While I was there, I also tried the seven-step ritual Sky Lagoon is famous for. Basically, Iceland is all about natural healing and wellness, and this traditional circuit is meant to put your body to the test. I'm not gonna give you a play-by-play, but essentially, it's supposed to cleanse your body from the inside out using warm water, cold water, dry air, cold air, and warm steam. Fair warning: the ritual is tough af. But if you're one of the few brave souls who can endure it, your body will feel effing amazing afterward. I can testify.

Relax and unwind at the spa: Idk if it's because this was my first time visiting a spa ever, but my experience at the hotel's in-house spa was unworldly. They had everything from a steam room to a relaxation bar and even Nordic wet areas to check out pre- and- post-treatment, which I def took advantage of. Then, when it came time to get pampered, I went for a facial treatment. My skin? The pictures speak for themselves. Un. Real.

melanie curry smiling
Melanie Curry

I also checked out some of the other facilities, like the Hamman, steam room, and sauna. I will say, the sauna and steam room, like the ritual at Sky Lagoon, are pretty intense. If you can, take out all your jewelry beforehand—my nose ring and septum piercing were BURNING after sitting for just thirty seconds in the steam. Felt great after though, so 10/10.

Take a stroll in downtown Reykjavík: You're going to want to save some time to explore, because this town is cute, warm, and friendly. You'll find several chic boutiques, local coffee roasters, and mini pop-ups of your favorite American designers—so prepare your wallet accordingly. Sprawled in between the gift shops and fast food joints like Subway (because even in Iceland you can find good ol' American fast food) are a handful of local liquor stores and shopping centers where you can buy Icelandic spices and herbs like volcanic salt or sea salt.

Outside of shopping, the beauty of downtown Reykjavík is Rainbow Street, which, yes, is a long road painted like a rainbow. It's beautiful in the daytime when the sun hits the pavement just right, but even at night, when the shops close and bars and clubs open, the colors still accentuate the light of the city.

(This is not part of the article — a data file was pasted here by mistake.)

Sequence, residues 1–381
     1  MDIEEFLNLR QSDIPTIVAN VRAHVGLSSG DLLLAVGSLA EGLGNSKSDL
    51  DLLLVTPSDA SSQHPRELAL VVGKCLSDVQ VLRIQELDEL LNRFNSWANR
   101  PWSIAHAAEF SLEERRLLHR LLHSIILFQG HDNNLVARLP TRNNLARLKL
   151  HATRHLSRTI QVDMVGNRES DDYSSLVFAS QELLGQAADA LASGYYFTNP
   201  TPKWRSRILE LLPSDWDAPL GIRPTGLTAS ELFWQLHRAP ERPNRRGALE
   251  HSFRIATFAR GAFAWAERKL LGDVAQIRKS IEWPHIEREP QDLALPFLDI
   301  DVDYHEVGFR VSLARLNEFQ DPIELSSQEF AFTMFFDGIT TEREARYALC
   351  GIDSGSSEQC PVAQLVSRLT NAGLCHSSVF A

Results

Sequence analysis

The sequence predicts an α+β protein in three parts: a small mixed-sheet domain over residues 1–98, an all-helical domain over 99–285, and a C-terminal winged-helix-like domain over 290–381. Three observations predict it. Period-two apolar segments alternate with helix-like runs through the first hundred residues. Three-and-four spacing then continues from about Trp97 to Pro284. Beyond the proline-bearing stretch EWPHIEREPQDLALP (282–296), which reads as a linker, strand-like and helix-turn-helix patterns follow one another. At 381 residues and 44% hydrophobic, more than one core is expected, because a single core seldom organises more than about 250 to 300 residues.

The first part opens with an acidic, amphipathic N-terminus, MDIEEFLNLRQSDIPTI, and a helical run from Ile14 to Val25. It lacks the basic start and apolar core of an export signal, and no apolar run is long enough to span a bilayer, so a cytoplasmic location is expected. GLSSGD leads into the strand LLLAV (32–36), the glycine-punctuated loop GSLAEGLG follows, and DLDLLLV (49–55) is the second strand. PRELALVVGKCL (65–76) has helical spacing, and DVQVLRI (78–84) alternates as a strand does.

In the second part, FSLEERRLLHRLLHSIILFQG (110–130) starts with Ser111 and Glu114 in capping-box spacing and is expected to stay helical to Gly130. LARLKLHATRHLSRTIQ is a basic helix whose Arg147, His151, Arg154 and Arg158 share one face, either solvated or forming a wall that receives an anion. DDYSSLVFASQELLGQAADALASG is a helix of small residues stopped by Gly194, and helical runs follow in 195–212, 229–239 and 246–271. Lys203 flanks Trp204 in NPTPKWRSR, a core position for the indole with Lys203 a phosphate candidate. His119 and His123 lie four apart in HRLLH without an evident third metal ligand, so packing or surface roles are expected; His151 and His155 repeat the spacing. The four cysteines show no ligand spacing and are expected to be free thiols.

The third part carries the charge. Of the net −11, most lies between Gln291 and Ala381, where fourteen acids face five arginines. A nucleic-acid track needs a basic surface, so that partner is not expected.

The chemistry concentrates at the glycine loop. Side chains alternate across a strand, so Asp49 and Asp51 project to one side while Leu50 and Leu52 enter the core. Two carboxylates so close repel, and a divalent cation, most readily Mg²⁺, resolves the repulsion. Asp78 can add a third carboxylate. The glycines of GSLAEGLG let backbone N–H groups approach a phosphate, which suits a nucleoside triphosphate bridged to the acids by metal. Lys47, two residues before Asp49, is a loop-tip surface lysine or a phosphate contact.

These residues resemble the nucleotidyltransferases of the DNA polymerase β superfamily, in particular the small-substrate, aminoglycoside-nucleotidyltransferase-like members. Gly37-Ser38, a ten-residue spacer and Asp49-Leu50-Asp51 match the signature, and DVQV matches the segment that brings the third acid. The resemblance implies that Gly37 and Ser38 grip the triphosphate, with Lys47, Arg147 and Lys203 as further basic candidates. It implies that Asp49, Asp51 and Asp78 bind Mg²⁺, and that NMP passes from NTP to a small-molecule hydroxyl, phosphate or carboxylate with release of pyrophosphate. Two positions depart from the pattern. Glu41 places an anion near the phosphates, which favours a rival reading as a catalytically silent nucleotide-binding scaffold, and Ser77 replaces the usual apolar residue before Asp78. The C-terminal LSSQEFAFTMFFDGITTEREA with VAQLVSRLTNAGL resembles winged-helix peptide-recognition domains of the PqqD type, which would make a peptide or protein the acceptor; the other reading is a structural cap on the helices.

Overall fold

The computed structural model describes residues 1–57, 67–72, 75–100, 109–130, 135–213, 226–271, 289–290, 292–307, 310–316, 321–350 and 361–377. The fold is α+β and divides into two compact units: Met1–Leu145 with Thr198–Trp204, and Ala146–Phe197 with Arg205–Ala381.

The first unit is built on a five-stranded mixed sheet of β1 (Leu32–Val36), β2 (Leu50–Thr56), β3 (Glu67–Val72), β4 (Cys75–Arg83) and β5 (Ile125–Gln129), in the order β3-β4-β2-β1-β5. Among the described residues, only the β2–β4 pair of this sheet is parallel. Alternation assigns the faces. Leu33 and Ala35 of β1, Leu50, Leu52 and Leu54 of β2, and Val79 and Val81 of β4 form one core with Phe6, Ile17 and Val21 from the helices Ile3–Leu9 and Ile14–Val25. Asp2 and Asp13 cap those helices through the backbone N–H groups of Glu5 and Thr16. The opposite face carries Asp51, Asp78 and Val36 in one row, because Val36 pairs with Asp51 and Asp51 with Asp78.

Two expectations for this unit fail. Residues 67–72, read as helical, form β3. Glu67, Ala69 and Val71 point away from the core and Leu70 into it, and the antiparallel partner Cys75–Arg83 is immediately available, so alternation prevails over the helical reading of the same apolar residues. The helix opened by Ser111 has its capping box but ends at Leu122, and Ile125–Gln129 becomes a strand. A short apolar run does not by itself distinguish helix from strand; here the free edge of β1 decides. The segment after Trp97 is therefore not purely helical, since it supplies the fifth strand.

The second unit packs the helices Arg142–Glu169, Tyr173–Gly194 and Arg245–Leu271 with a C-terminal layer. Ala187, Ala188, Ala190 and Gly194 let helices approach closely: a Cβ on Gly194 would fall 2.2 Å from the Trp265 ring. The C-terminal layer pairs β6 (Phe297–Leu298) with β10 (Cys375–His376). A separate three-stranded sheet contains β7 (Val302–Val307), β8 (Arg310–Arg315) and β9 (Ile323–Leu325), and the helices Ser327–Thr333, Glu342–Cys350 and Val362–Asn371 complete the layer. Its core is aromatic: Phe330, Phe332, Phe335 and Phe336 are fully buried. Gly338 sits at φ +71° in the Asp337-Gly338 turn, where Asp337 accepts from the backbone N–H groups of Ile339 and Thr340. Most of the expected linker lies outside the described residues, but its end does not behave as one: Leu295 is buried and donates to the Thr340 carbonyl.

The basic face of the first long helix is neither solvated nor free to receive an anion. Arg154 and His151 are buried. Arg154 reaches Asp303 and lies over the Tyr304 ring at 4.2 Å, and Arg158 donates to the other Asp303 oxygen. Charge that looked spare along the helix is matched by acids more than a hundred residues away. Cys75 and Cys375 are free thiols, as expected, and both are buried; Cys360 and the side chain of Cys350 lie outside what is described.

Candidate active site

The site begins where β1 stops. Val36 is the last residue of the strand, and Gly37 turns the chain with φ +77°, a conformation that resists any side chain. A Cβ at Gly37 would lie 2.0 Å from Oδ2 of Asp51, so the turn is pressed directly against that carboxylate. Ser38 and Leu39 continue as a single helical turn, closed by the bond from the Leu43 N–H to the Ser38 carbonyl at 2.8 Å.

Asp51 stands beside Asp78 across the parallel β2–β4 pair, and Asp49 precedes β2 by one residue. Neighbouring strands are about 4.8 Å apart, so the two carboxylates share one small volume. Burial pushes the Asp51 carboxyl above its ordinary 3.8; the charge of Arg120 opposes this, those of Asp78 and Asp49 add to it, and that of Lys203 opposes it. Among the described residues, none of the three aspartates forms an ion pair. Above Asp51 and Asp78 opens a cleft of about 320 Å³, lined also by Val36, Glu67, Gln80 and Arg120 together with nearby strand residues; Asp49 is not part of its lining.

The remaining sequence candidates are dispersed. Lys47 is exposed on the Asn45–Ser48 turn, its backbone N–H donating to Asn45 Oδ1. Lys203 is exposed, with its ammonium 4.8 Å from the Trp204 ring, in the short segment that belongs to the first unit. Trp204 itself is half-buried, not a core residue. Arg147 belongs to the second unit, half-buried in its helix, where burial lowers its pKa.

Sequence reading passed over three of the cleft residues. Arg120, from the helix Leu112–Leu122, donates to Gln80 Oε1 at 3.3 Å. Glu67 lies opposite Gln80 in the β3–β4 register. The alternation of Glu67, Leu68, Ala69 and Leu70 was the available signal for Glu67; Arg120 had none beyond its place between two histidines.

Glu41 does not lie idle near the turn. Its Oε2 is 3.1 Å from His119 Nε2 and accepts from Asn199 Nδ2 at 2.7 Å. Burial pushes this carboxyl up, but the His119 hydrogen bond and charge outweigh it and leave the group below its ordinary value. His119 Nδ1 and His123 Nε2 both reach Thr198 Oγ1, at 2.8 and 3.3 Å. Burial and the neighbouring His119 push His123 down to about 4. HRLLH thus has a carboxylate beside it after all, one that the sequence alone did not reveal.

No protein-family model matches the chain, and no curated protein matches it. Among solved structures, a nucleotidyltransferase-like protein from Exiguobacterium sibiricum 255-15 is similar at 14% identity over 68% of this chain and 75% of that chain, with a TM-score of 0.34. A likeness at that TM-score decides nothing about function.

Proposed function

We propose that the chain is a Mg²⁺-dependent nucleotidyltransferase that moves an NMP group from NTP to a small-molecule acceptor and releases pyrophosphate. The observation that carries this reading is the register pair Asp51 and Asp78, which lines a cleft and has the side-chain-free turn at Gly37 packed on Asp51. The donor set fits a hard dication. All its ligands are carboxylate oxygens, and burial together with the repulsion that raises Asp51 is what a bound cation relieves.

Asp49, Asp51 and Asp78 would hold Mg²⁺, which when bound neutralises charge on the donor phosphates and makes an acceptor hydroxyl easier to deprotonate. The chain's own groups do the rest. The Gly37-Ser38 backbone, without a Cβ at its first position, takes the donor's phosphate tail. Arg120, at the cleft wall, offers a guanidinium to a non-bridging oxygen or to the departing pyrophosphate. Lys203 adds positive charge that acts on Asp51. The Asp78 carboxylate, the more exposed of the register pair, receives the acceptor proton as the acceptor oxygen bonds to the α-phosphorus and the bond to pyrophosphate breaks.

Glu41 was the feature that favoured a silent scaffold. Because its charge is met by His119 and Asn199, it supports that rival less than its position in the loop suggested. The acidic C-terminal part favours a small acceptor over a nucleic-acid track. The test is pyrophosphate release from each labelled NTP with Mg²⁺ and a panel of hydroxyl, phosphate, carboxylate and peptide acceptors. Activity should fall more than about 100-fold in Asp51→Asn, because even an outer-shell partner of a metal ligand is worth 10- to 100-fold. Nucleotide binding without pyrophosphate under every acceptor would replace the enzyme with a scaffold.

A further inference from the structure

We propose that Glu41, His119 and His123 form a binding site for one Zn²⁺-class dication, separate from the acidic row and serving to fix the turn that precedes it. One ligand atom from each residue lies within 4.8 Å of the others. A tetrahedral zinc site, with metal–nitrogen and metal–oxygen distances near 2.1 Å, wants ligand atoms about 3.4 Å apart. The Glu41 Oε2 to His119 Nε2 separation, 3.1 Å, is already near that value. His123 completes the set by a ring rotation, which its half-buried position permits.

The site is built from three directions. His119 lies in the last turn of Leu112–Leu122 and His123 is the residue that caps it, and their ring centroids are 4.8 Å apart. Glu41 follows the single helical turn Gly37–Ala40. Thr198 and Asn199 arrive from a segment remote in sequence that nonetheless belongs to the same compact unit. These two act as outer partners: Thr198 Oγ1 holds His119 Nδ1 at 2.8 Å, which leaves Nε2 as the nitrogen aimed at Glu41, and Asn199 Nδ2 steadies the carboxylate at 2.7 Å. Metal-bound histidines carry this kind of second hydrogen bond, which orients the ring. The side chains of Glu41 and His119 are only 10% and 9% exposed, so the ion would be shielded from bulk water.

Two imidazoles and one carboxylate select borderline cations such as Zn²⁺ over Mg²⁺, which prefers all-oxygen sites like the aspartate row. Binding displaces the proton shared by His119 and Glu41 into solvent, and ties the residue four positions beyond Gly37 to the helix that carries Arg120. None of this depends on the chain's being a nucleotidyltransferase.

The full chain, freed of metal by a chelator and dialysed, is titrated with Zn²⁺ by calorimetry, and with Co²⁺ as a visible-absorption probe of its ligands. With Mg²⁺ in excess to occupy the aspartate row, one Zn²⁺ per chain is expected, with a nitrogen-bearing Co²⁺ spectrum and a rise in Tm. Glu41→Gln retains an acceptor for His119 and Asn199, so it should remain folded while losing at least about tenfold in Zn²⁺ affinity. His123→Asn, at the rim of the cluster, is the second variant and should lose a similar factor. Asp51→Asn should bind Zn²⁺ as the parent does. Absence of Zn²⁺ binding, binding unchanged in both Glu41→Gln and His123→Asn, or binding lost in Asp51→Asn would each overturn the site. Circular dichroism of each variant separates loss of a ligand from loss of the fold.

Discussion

Grab a bite (or more) at Tides: The hotel's in-house restaurant, which I mentioned a little earlier, is to effing die for. I've had good food, and I've had great food. And, I can most certainly say the Nordic cuisine at Tides is in the latter group. I ate an eight-course meal—or at least I think it was eight, irdk I was too busy stuffing my face—that included pretty much every variety of seafood I can think of. I wasn't fortunate enough to try their breakfast food (boo), but I have no doubt their breakie is just as tasty as the dinner menu. You can eat here even if you're not staying at the hotel, and I highly recommend you do.

tuna tartare
Melanie Curry
Melanie Curry

Visit Stormur Bistro & Bar for lunch: I'm not a sandwich gal. I like a Panera grilled cheese every now and then, but my palate leans more toward pasta or sushi for a midday meal. That said, if I had to eat one sandwich for the rest of my life, it would probably be from Stormur Bistro and Bar. The bistro is located at Hvammsvík Nature Resort, a small, intimate getaway tucked away in the countryside. Most of the menu features traditional lunch food, but their sandwiches? Whew. There ain't nothing like their sourdough roast beef. My first bite had my tastebuds feelin' like Jimmy Neutron when he has a brain blast. It was JUST. THAT. DELICIOUS. My only regret is that I didn't order more. *Sigh*.

Melanie Curry

Have a cup of (Icelandic) joe at Reykjavík Roasters: While exploring downtown Reykjavík, I stumbled upon a few coffee roasters, and as a hard-core coffee fiend, how could I visit another country and not try their beans? I'm glad I did, because Iceland has some pretty damn good lattes. Sweet enough to satisfy my sugar cravings but still deep and rich, so you can actually taste the coffee. Dare I say the lattes alone are worth the trip across the pond?

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Melanie Curry

Mel Curry (she/her) is the current assistant editor at Cosmopolitan, where she covers everything from lifestyle to politics. You can often find her watching The Real Housewives of Atlanta or discovering local coffee roasters. Before joining Cosmo, she was an editorial assistant at Hearst Magazines, writing for Women’s Health, Elle, and more. Follow her on Instagram and the bird app aka Twitter.